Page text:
What is a helpless mind to do? Extending previous work noting parallels between cognitive impairments in depression and after preexposure to uncontrollability (Cox, Enns, Borger, & Parker, 1999; Flett, Vredenburg, & Krames, 1997; Hartlage, Alloy, Vazquez, & Dykman, 1993; Healy & Williams, 1988; Seligman, 1978), we present in this chapter new evidence that the mind switches to a simpler, less effortful “Plan B.” In examining the pattern of performance of complex cognitive tasks observed among helpless or depressed participants, we observe that this lowered level of performance is still clearly above the threshold of random or chaotic behavior. In our presentation of previous and new experimental evidence, we are guided by the view that the switch to the less efficient, but still not chaotic, performance (i.e., a switch to a cognitive exhaustion state, see Kofta & Sedek, 1998; von Hecker, Sedek, & McIntosh, 2000; von Hecker & Sedek, 1999) might represent an adaptive way of adjusting to prolonged uncontrollability and might also describe characteristic aspects of cognitive functioning in depression. In these states, there are not merely decrements across all measures, but instead there are impairments specifically in higher-order processes.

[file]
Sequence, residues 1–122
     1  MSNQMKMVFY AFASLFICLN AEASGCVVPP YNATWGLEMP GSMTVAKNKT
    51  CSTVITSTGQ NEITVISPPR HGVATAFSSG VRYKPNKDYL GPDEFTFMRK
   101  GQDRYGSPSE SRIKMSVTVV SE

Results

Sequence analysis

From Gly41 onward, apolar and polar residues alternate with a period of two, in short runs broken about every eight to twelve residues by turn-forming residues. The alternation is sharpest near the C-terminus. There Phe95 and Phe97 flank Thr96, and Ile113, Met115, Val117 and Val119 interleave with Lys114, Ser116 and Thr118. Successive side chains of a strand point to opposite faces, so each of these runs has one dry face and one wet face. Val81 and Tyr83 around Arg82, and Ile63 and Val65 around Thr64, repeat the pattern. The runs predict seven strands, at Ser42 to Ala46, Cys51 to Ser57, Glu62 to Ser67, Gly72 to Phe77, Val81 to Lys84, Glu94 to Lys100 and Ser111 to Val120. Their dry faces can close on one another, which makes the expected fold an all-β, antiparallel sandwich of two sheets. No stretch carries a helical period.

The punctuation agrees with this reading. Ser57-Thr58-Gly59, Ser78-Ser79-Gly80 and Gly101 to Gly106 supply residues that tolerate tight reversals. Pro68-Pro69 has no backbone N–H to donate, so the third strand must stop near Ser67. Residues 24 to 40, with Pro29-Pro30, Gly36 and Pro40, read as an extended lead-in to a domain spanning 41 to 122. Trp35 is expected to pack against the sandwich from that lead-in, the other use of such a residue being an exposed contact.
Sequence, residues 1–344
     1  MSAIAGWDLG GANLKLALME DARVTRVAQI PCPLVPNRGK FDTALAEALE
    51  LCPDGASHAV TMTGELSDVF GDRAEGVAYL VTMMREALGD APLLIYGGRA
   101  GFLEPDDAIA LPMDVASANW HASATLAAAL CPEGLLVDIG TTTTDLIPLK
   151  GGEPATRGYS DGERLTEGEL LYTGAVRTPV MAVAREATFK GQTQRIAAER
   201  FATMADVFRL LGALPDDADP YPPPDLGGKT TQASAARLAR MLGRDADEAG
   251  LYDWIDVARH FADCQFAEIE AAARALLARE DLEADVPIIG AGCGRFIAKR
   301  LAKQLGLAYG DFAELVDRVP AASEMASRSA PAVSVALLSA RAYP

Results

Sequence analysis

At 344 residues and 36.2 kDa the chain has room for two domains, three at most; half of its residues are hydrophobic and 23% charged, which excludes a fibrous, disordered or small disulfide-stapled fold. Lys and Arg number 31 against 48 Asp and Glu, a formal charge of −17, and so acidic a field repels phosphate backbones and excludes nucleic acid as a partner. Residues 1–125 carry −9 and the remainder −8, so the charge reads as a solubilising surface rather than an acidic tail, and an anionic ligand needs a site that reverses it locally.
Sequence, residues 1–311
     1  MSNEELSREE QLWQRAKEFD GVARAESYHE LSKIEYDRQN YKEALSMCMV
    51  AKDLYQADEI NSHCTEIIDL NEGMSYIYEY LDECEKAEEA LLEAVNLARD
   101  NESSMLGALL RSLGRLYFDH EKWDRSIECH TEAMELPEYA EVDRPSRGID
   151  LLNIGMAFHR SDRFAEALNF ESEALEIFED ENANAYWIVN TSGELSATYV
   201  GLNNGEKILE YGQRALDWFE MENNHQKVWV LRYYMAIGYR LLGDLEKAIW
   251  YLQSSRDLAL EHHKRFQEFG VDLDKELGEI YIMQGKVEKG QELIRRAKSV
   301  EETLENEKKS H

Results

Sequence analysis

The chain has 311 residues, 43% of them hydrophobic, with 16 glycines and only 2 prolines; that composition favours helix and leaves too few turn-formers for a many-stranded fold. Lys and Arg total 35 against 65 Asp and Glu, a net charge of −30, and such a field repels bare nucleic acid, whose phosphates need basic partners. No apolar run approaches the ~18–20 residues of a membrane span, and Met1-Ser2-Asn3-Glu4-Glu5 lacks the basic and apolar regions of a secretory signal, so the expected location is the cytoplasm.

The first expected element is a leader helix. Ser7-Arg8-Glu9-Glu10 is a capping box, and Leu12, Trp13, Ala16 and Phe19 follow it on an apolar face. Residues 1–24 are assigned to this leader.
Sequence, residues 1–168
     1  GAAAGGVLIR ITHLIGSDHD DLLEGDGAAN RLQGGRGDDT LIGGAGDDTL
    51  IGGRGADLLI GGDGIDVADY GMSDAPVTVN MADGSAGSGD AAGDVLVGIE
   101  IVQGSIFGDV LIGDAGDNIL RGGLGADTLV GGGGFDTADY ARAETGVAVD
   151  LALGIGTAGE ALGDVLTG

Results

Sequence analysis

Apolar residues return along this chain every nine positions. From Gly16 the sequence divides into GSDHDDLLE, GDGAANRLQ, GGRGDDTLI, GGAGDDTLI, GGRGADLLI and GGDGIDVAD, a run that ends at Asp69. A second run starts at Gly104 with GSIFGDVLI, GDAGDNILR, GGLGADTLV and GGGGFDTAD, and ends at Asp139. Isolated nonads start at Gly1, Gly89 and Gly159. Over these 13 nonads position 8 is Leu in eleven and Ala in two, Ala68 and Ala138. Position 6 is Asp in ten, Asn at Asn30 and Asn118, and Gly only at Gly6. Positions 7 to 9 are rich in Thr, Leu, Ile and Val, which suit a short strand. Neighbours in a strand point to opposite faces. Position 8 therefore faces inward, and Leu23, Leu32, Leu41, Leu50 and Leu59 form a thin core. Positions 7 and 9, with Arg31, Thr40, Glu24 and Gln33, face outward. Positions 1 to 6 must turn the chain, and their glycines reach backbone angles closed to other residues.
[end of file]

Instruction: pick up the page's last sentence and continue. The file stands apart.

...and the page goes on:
After we recall the origins of uncontrollability research, we unpack our perspective first by noting the similar pattern of cognitive deficits after exposure to uncontrollability among two very smart, although completely different, populations: laboratory rats and high school students. We then describe the cognitive exhaustion model of uncontrollability and depression and briefly summarize existing research evidence.